Mike Holovak, 88; star back for BC became second-winningest coach of Patriots
Mike Holovak, an All-American running back at Boston College who became one of the first head coaches of the Boston Patriots, died yesterday in Ruskin, Fla., of complications from pneumonia. He was 88.
Mr. Holovak starred at Boston College before his graduation in 1943, when he entered the Navy. He was selected to be the skipper of a PT boat operating in the South Pacific, a demanding role given to the most physically fit officers.
"He rarely spoke of it, but he was so proud of that service to his country. They were shot at the first night they were in the Pacific," said Pauline Scudder Holovak, his wife.
Mr. Holovak, whose boat was credited with sinking nine Japanese ships, retired from the Navy as a lieutenant commander.
Following the war, Mr. Holovak played professional football for the Chicago Bears and Los Angeles Rams, before returning to Boston College as a freshman football coach in 1949. He was named head coach at BC in 1951, leading the Eagles to a 49-29-3 record in nine seasons.
When the Boston Patriots of the American Football League were founded in 1960, Mr. Holovak was appointed the first director of player personnel, a position he held in addition to assistant coach. In 1961, Mr. Holovak was promoted to head coach five games into the season.
"From that day, the morale went sky high among the players," Patriots Hall of Famer Gino Cappelletti recalled. "As a coach, he had the ability to really have you believe in yourself. Having been a player himself, and a good one, he just seemed to know how to get the most out of his players. I know personally that he was so instrumental in whatever successes I enjoyed as a player."
Mr. Holovak served as head coach through the 1968 season, and his 53 victories (53-47-9) rank second in franchise history after the current coach, Bill Belichick (105). One highlight of his tenure came in 1963, when the Patriots won their first playoff game before losing in the AFL championship game to the San Diego Chargers.
Cappelletti remembered Mr. Holovak as a "true gentleman."
"He could express himself without having to swear. That was one thing I always liked about him," he said. "He had a strong concern for each player as an individual. He was very loyal to the players who played for years with him, and because of that it was very difficult for him to release them when he thought their playing days [were] over. I think that gives you an idea of the inner person."
Former players at Boston College remembered Mr. Holovak in a similar light. "It was a great experience to have played for Mike," said John J. Burns Jr., a 1953 BC graduate. "Not only was he a great football innovator, each player was an individual to Mike and he treated everybody with great respect. He would never yell or scream, even if it might have been needed."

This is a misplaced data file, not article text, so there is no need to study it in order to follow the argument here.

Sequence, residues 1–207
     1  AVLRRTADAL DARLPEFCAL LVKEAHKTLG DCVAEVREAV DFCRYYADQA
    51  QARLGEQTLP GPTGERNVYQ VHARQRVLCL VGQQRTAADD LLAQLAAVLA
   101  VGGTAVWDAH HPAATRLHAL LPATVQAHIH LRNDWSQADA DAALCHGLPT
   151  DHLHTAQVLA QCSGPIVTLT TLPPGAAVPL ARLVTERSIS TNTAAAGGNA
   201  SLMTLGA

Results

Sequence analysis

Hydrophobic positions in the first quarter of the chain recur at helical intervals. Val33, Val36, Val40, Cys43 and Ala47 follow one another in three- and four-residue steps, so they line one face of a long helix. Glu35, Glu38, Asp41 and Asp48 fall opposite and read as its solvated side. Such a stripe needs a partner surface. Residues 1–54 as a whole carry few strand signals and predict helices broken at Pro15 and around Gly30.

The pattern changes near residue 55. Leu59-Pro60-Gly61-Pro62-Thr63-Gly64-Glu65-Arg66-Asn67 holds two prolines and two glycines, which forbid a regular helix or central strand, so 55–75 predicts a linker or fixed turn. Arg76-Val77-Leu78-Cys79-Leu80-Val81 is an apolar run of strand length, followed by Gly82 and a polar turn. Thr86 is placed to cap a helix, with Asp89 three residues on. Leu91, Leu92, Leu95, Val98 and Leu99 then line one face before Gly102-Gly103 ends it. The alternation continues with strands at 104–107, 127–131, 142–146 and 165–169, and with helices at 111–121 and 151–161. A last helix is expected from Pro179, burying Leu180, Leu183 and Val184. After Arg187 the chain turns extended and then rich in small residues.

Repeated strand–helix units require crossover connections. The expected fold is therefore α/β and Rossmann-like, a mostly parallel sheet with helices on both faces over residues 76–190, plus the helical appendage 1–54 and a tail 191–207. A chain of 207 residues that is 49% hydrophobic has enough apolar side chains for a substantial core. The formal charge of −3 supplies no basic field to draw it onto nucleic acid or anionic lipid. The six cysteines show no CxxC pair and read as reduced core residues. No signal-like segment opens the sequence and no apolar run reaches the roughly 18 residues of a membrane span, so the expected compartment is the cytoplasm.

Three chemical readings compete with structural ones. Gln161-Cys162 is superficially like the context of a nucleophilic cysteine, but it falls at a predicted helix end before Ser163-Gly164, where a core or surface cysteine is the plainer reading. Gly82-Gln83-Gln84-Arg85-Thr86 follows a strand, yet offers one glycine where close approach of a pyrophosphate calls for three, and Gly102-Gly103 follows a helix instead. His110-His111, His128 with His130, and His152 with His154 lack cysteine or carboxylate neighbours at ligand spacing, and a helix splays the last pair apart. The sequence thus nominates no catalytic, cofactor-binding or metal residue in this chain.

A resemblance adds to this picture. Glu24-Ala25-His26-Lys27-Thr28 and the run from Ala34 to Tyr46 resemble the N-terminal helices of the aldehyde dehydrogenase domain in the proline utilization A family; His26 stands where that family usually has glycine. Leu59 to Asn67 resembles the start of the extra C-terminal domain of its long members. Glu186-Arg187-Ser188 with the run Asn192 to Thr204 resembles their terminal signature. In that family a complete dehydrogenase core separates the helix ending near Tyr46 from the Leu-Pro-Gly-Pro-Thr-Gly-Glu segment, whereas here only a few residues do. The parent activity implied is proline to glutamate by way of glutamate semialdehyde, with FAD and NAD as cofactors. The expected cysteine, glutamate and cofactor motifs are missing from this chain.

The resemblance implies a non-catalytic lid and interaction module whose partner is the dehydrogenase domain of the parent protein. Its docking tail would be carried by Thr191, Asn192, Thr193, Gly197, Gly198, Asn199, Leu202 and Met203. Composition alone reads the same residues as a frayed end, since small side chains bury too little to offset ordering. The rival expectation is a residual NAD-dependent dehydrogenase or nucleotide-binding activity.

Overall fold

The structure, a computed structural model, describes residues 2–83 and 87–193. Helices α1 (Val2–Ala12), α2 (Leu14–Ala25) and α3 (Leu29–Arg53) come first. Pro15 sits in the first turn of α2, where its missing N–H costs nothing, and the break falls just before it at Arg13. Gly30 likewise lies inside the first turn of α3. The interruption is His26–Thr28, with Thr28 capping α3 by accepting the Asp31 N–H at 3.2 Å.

Mr. Holovak later coached and held administrative positions with the San Francisco 49ers, Oakland Raiders, and New York Jets before finding a more permanent home with the Houston Oilers (now the Tennessee Titans) as president of player personnel and general manager. He retired from football in 1998 but remained a consultant for the team until shortly before his death.
"Mike was the quintessential 'football guy,' " said K.S. "Bud" Adams Jr., founder, owner, and president of the Titans. "He had such a passion and knowledge of the game. It is rare when you see a person excel in all three areas of the sport - a great player in college, a successful coach, and great talent evaluator - but Mike was one of the special people.
"He was one of the finest and most effective evaluators of playing talent in the history of our organization.
"His induction into our team Hall of Fame, the only front-office member ever inducted, speaks volumes to the impact to our organization. More than that, he was a true gentleman and a man of great integrity," Adams said.
Mr. Holovak was born in Lansford, Pa., to Czechoslovakian immigrant parents. He worked as a church sexton to support his family following his father's death. Although Mr. Holovak believed his football career would be cut short because of his responsibilities, his high school coach helped him earn an athletic scholarship to Seton Hall Prep School in New Jersey, where his talents were scouted by Boston College football coach Frank Leahy.
Mr. Holovak enrolled at BC and was the starting fullback on the Eagles' undefeated 1940 Sugar Bowl championship squad. He was a consensus All-America selection as a senior in 1942. In his final season at Boston College, he scored three touchdowns and averaged 15.8 yards every time he touched the ball, a record that has stood for more than six decades. Fans often chanted "Give it to Mike!" when the Eagles faced a critical situation.
Mr. Holovak is a member of the National Football Foundation College Football Hall of Fame, the Boston College Varsity Club Hall of Fame, the Tennessee Titans Hall of Fame, and the Seton Hall Prep Hall of Fame.
Patriots chairman Robert Kraft called Mr. Holovak one of the "founding fathers" of the Patriots.
"The entire Patriots family is saddened by Mike's passing," Kraft said. "Mike Holovak was a great coach and a wonderful person."
In addition to his wife, Mr. Holovak leaves daughters Michele Harrison of Gloucester and Cindy Oatess of South Tampa, Fla.; and three grandchildren. Another daughter, Terrie Anne, has died.
A Mass will be said 10 a.m. Feb. 9 in St. Ignatius Church on the Boston College campus.